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How the Far East Film Festival Brings Films to Life

Filmmaker Erik Shirai's project was chosen for a Far East Film Festival production initiative, where industry players connect to bring new films into the world.



A panel discussion at Focus Asia, the industry section of the Far East Film Festival in Udine. (©Far East Film Festival)

The fanfare surrounding film festivals focuses on the screenings of the latest hits — or the movies that soon might be. However, an increasing number of initiatives are taking place on the sidelines of such events that actually help bring these productions to life. A case in point is the annual Far East Film Festival in Udine, northern Italy.

Its Focus Asia market program provides a platform for filmmakers to meet with distributors, sales agents, and other industry professionals to develop and complete their projects. 

In recent years, Focus Asia has helped develop films such as Chie Hayakawa's acclaimed dystopian drama Plan 75. It ran in the Un Certain Regard program at Cannes in 2022. The film was Japan's selection for Oscar consideration for that same year.

Japanese-American filmmaker Erik Shirai made the trip to Italy for FEFF 2024, which ran from April 24 to May 2. He brought his latest production How to Feed a Hungry Ghost. It was selected as part of Focus Asia's "Far East in Progress" program, which claims to be "the first and only European platform completely dedicated to Asian films in post-production seeking international distribution and festival premiere."

A Focus Asia session at Far East Film Festival 2024 in Udine. (©Far East Film Festival)

'How to Feed a Hungry Ghost'

Shirai said of his Focus Asia experience: "Talking to filmmakers, the community, distributors, and sales agents — even if nothing concrete comes out of it, it's enriching to be part of this community of people who are all doing similar things. 

"Sometimes, you just need that encouragement, that reminder that you're not the only one pursuing these creative endeavors because it can often feel that way."

As Shirai explains it, How to Feed a Hungry Ghost follows the tale of a woman who builds a successful business in the United States. She had arrived from Vietnam with just $100 USD in her pocket.

"The film explores her complex memories of home and how food evokes these memories, aiding her in finding peace with herself and her family," the director explained.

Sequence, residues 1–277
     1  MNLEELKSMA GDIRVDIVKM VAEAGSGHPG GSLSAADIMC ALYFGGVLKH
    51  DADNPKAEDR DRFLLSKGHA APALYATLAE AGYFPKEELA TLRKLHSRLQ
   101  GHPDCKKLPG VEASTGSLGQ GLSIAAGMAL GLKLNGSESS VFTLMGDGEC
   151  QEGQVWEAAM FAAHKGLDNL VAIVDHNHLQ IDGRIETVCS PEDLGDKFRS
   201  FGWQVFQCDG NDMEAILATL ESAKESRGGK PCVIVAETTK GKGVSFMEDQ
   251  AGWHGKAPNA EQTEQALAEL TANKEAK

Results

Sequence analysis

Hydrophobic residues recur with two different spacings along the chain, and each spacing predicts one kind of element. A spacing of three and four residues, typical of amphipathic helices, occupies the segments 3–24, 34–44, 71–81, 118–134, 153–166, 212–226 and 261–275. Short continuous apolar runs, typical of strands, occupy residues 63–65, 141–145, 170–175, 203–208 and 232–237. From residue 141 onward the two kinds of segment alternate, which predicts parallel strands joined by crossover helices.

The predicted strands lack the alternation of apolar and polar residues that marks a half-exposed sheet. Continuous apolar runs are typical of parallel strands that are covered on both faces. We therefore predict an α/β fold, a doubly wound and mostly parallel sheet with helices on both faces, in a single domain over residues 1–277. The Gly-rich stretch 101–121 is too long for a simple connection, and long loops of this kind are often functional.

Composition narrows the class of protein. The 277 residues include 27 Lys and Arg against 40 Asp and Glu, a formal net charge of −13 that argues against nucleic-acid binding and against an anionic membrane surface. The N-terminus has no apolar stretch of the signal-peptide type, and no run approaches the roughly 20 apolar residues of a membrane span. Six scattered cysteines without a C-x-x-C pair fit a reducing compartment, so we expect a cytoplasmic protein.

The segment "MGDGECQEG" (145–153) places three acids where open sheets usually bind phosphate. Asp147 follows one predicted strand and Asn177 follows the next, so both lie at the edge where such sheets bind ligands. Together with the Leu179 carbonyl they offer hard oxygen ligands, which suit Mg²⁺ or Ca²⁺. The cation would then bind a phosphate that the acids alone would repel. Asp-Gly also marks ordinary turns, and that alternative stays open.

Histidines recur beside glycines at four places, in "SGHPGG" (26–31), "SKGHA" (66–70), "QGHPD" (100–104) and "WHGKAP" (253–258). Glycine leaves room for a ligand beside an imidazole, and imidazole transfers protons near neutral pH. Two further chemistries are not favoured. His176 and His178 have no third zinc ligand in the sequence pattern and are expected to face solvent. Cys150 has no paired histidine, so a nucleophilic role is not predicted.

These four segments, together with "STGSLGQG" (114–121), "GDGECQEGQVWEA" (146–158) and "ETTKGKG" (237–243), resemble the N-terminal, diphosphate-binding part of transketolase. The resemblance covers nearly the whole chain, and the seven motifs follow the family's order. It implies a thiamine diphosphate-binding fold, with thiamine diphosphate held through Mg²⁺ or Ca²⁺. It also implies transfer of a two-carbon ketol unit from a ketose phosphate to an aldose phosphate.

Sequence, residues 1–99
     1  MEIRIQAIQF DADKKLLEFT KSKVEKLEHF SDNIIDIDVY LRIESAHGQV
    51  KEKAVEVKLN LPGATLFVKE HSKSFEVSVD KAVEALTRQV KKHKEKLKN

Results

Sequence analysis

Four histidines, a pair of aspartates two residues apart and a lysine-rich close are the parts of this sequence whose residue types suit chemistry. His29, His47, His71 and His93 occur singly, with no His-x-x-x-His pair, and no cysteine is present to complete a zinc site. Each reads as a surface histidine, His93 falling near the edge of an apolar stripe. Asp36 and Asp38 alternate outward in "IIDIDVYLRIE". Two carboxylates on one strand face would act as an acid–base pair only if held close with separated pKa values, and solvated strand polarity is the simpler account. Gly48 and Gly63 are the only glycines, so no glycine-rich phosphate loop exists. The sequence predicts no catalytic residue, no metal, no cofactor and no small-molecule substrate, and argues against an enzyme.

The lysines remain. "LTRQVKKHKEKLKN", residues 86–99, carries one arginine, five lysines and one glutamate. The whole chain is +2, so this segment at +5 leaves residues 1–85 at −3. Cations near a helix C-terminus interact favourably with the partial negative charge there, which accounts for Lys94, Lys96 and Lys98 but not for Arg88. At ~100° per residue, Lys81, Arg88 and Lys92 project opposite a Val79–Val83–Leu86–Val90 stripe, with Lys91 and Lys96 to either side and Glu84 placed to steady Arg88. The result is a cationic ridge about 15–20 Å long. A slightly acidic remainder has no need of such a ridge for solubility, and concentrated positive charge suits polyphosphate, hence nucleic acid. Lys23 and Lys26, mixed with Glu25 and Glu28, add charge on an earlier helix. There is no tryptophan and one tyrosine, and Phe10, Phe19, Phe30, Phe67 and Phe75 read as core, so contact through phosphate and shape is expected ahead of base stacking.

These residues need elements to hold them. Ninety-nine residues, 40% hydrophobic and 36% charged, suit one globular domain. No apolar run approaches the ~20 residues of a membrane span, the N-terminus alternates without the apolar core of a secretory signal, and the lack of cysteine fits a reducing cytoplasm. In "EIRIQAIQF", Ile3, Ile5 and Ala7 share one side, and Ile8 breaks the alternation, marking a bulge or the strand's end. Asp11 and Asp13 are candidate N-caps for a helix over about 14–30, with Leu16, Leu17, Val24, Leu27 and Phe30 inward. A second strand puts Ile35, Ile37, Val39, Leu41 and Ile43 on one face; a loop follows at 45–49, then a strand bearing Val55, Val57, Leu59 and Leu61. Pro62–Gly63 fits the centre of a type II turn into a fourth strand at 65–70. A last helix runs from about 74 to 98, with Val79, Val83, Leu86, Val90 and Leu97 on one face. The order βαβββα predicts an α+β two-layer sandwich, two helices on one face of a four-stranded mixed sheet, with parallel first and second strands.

"Inspired by a true story, this film is more than entertainment. It aims to deliver profound meaning and emotional impact. For me, creating this film was vital as it provided the main subject an opportunity to confront her past traumas and see her life from a new perspective, which proved to be a powerful experience."

The Business of Filmmaking

The film was one of six selected for this year's Far East in Progress subcategory. In total, Focus Asia received more than 100 applications from more than 25 countries for its All Genres Project Market. It provides a platform for filmmakers to develop projects "with an Asian and European co-production potential."

More than 200 industry players came to Udine specifically to check out what was being offered across Focus Asia. They had an eye on helping produce and distribute the projects. Filmmakers also had a selection of production-specific seminars to attend based around the business of making films.

"The Birth of Saké" (2016) directed by Erik Shirai.

The US-raised Shirai splits his time between New York City and Tokyo. In 2015, he won acclaim for his documentary The Birth of Saké. His latest co-production combines talent from Vietnam, the US, France, and Japan.

"I think having a film that features different perspectives and ideas is beneficial because each country has its own culture and unique way of approaching creativity," he said. "For example, working with a French editor who has extensive experience with Vietnamese films, and myself being based primarily in America, introduces a variety of perspectives."

Shirai continued, "There aren't many Vietnamese films made this way, given the diversity of perspectives and cultural experiences involved. So, I believe it's a unique and enriching way to make films. It's not the only way, but it's one effective approach."

Bringing Asian Films into the World

Focus Asia's organizers say the initiative is designed to provide a bridge between Asian filmmakers and international markets. By doing so, it aims to contribute to a diverse and culturally rich cinematic landscape.

"The energy here is nice, being surrounded by so many different creators and creative individuals all working on their own films," said Shirai. "Just being in this space and absorbing that energy is truly inspiring. And yes, I think my confidence has increased. It's good because, in our section, there were only six films, and we had to show a little sample."

He concluded, "I think that a lot of people gravitated towards and really found our films interesting based on what we've shown. That's quite affirming. It feels like we're on the right track, as people are showing interest in the films."



Author: Kanako Fujita

Kanako Fujita attended the 26th Far East Film Festival as part of the FEFF Campus for aspiring critics, writers, and film industry professionals.